4. She has taken responsibility.
This one seems to have really mattered to Obama. Last week, Josh Earnest, the White House press secretary, went out of his way to make the point to reporters, while drawing a distinction between Manning and Edward Snowden. “Chelsea Manning is somebody who went through the military criminal-justice process, was exposed to due process, was found guilty, was sentenced for her crimes, and she acknowledged wrongdoing,” Earnest said. Indeed, Manning seems to have realized that, as much as she may have wanted Americans to understand the horrors of war—and as much as some of the files she leaked, particularly about civilian deaths in Iraq, helped them to do so—indiscriminately putting the bulk information she had access to in the hands of Julian Assange was not a well-thought-out move. (WikiLeaks had tweeted that Assange would agree to extradition to the United States if Manning was granted clemency; we’ll now see what that means.) Manning, before her trial, entered a guilty plea on ten charges, which would have been enough to send her to prison for twenty years. She did so not as part of a plea deal but as an act of unforced penance that the government, for whatever reason, was not ready to accept. It pursued more charges under the Espionage Act, and also adopted an ambitious (and, from a press-freedom perspective, alarming) legal theory to argue that Manning was guilty of “aiding the enemy.” She was acquitted on that last count, at least. In her application for a commutation, Manning said that she understood why a request she had made for a pardon soon after her sentencing had been turned down. “It was too soon, and the requested relief was too much. I should have waited. I needed time to absorb the conviction, and to reflect on my actions. I also needed time to grow and mature as a person.” The “sole relief” she was asking for was release after six years of confinement.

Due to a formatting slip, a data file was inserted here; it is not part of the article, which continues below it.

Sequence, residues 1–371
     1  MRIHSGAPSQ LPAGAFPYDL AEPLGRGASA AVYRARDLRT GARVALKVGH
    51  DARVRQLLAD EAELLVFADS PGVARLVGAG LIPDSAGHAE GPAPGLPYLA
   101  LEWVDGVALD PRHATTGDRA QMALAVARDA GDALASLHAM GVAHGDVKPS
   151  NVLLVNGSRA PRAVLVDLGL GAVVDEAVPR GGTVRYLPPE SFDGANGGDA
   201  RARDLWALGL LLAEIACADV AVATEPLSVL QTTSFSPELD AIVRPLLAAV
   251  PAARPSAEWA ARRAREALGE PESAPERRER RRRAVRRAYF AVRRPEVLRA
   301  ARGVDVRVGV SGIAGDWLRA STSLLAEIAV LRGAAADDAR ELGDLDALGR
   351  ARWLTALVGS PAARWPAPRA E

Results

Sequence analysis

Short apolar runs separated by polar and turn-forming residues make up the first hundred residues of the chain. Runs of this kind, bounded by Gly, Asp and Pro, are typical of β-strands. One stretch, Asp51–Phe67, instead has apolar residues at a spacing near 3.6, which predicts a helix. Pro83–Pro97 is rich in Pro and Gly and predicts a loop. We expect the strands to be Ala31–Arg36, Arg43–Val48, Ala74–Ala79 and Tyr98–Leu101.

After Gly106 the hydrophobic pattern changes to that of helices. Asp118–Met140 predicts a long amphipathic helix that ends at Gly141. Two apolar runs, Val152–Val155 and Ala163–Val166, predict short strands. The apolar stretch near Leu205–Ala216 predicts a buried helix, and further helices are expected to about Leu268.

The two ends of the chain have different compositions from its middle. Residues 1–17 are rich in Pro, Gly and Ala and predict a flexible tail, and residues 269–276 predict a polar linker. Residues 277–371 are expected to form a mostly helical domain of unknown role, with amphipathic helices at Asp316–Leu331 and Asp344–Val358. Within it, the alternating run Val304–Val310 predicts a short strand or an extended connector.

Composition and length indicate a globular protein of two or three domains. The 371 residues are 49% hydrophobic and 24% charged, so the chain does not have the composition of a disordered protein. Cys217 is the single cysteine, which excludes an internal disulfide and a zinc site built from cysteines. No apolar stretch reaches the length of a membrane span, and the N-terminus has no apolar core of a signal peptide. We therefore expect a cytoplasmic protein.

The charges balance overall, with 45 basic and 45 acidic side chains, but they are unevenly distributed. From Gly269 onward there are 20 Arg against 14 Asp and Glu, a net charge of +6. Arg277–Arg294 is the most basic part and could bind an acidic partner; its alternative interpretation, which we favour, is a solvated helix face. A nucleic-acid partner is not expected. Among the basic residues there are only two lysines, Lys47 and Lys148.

5. This is a good moment to reconsider the zealous prosecution of leakers.
We are about to enter the land of the Trump Administration, which is likely to be characterized not only by a lack of transparency, in the closed-door sense, but by outright lies. In that case, the country may need leakers more than ever. (Paul Ryan, the Speaker of the House, saw it the opposite way, calling the commutation “outrageous” and “a dangerous precedent that those who compromise our national security won’t be held accountable for their crimes.”) Perhaps Obama has, to some extent, realized that his Administration’s leak-chasing was not the practice most protective of American democracy. And maybe, with the Manning commutation—and with his pardon, also announced on Tuesday, of General James Cartwright, who had pleaded guilty to misleading the F.B.I. about his discussions with a Times reporter—he is acknowledging that. The President may be too late to save press freedom, but he might, with this action, have saved Chelsea Manning’s life. And that is something very valuable.
Author: Amy Davidson